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  • Print publication year: 2010
  • Online publication date: November 2010

Case 17 - Frequent night-time wanderings

from Part IV - Parasomnias

Summary

This chapter presents the clinical history, examination, and the results of the procedures performed on a 30-year-old male shift worker who was admitted for the evaluation of uncontrolled daytime sleepiness and generalized muscle hypotonic attacks. The patient was also falling to the ground without loss of consciousness. The chapter presents the clinical history, examination, follow-up, treatment, diagnosis, and the results of the procedures performed on the patient. The results of polysomnography (PSG) showed that the patient had a total sleep time of 400 minutes and a total wake time of 40 minutes, with a sleep efficiency of 91%. The diagnosis was narcolepsy with cataplexy. Sodium oxybate was administered in increasing doses, and the progression after a year and a half was satisfactory; no episodes of cataplexy occurred during regular work hours. After 4 months of treatment with sodium oxybate, the patient did not complain of daytime sleepiness.

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Suggested reading

Historical
BroughtonRJ.Sleep disorders: disorders of arousal? Enuresis, somnambulism, and nightmares occur in confusional states of arousal, not in “dreaming sleep.” Science 1968; 159: 1070–8.
Review
PressmanMR.Factors that predispose, prime and precipitate NREM parasomnias in adults: clinical and forensic implications. Sleep Med Rev 2007; 11: 5–30.
General
AASM (American Academy of Sleep Medicine). International Classification of Sleep Disorders, 2nd edn.: Diagnostic and Coding Manual. Westchester, Illinois: American Academy of Sleep Medicine, 2005.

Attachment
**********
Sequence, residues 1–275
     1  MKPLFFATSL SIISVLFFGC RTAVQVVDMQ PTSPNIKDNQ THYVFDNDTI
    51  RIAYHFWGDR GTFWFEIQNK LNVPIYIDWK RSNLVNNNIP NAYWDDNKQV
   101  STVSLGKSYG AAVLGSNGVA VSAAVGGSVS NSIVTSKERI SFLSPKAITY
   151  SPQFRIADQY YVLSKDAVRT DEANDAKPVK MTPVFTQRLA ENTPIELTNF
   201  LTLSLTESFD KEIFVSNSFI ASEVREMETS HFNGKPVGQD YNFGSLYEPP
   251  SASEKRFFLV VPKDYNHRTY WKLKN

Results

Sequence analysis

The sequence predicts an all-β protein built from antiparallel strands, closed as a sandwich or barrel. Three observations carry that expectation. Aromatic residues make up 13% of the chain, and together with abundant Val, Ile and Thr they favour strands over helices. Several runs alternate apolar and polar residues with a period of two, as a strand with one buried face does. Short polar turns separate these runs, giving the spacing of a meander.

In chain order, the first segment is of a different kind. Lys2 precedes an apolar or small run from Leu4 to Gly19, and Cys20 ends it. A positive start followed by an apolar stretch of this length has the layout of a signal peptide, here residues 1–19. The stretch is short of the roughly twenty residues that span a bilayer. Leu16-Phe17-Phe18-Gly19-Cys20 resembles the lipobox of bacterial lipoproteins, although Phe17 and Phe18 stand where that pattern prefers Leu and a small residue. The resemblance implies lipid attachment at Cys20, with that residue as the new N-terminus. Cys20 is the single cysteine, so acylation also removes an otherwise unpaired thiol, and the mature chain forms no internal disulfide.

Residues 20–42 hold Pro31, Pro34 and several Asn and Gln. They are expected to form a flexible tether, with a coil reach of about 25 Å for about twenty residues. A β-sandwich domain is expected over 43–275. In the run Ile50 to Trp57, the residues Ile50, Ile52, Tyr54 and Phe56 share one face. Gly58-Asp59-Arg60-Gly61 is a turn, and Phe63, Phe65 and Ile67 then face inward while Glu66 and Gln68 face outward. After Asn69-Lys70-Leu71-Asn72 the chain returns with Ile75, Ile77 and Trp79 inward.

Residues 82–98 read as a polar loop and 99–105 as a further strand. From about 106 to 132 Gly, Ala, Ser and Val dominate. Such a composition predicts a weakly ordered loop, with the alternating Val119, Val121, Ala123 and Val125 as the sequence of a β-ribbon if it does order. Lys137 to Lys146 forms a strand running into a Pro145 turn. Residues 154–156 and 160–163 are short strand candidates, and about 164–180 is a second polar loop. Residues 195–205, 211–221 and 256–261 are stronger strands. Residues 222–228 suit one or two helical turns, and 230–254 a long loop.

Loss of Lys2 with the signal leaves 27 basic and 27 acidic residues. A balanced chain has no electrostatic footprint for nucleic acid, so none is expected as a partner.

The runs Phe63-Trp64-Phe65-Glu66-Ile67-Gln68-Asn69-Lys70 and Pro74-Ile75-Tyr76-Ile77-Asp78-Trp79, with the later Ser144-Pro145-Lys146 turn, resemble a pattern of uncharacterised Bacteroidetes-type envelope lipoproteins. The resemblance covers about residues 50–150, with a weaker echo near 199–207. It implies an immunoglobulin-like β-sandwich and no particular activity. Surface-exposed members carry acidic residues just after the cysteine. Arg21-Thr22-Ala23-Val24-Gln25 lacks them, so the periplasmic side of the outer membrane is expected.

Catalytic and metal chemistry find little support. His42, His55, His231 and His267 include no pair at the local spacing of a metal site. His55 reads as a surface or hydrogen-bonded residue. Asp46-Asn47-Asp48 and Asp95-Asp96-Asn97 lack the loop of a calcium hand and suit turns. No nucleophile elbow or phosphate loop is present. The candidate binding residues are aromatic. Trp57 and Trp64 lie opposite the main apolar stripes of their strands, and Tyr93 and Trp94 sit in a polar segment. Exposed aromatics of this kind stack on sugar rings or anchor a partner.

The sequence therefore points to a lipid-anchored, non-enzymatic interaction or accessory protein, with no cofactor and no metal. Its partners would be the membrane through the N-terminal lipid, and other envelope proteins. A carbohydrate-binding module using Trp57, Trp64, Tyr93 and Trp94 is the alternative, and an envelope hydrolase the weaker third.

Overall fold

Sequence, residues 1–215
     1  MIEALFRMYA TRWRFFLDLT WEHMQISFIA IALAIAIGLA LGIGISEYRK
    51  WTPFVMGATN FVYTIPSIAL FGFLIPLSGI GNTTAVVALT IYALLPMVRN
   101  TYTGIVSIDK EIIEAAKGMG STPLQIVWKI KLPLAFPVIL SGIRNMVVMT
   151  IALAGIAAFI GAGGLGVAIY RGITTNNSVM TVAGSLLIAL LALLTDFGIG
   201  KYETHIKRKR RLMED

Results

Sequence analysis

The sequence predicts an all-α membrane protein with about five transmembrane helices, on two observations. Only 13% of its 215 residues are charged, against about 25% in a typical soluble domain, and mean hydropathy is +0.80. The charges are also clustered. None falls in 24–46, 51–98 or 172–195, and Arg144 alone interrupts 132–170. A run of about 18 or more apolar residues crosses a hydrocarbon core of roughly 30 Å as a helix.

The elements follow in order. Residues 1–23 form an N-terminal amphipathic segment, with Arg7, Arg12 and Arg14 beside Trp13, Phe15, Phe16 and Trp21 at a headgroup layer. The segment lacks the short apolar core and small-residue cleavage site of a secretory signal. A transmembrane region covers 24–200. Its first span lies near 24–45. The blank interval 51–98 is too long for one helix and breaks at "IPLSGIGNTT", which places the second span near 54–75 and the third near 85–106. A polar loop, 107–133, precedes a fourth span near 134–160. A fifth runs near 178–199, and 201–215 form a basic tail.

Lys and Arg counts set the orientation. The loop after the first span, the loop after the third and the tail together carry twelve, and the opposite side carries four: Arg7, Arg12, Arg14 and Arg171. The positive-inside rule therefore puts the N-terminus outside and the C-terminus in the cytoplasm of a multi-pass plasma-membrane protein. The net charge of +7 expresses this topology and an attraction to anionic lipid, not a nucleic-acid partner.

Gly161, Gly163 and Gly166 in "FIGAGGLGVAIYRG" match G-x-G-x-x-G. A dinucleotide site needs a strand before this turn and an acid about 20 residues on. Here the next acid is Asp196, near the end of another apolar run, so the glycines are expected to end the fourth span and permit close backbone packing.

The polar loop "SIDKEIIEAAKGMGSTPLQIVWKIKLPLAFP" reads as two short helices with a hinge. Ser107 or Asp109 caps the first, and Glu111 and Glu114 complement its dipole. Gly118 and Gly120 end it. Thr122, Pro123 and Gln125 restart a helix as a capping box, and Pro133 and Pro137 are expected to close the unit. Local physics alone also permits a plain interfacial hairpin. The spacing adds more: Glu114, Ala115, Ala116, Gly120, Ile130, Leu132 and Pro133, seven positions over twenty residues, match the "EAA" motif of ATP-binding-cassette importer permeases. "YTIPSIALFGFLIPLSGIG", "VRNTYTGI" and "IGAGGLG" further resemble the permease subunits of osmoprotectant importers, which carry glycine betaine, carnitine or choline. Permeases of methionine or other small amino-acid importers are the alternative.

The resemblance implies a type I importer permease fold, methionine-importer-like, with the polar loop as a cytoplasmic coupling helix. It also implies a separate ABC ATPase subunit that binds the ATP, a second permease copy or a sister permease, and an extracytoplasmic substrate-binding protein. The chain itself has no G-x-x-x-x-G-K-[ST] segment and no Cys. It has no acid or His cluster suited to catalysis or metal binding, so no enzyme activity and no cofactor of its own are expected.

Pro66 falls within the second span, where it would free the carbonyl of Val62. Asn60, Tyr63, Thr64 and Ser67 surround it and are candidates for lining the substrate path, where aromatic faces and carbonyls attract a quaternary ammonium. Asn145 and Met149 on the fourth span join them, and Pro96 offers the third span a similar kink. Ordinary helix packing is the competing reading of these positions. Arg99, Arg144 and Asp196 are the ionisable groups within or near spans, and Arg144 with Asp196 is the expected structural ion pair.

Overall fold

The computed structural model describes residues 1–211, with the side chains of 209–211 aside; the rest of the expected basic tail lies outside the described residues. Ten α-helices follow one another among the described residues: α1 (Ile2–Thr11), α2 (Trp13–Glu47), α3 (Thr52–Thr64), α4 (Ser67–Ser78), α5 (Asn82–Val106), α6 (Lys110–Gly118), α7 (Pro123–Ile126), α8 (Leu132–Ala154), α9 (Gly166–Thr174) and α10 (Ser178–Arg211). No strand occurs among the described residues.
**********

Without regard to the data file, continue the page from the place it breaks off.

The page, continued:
OhayonMM, GuilleminaultC, PriestRG.Night terrors, sleepwalking, and confusional arousals in the general population: their frequency and relationship to other sleep and mental disorders. J Clin Psychiatry 1999; 60: 268–76.
PlazziG, TinuperP, MontagnaP, ProviniF, LugaresiE.Epileptic nocturnal wanderings. Sleep 1995; 18: 749–56.
SansoneRA, SansoneLA.Zolpidem, somnambulism, and nocturnal eating. Gen Hosp Psychiatry 2008; 30: 90–1.
SchenckCH, ParejaJA, PattersonAL, MahowaldMW.Analysis of polysomnographic events surrounding 252 slow-wave sleep arousals in thirty-eight adults with injurious sleepwalking and sleep terrors. J Clin Neurophysiol 1998; 15: 159–66.

Historical

BroughtonRJ.Sleep disorders: disorders of arousal? Enuresis, somnambulism, and nightmares occur in confusional states of arousal, not in “dreaming sleep.” Science 1968; 159: 1070–8.

Review

PressmanMR.Factors that predispose, prime and precipitate NREM parasomnias in adults: clinical and forensic implications. Sleep Med Rev 2007; 11: 5–30.

General

AASM (American Academy of Sleep Medicine). International Classification of Sleep Disorders, 2nd edn.: Diagnostic and Coding Manual. Westchester, Illinois: American Academy of Sleep Medicine, 2005.
OhayonMM, GuilleminaultC, PriestRG.Night terrors, sleepwalking, and confusional arousals in the general population: their frequency and relationship to other sleep and mental disorders. J Clin Psychiatry 1999; 60: 268–76.
PlazziG, TinuperP, MontagnaP, ProviniF, LugaresiE.Epileptic nocturnal wanderings. Sleep 1995; 18: 749–56.
SansoneRA, SansoneLA.Zolpidem, somnambulism, and nocturnal eating. Gen Hosp Psychiatry 2008; 30: 90–1.
SchenckCH, ParejaJA, PattersonAL, MahowaldMW.Analysis of polysomnographic events surrounding 252 slow-wave sleep arousals in thirty-eight adults with injurious sleepwalking and sleep terrors. J Clin Neurophysiol 1998; 15: 159–66.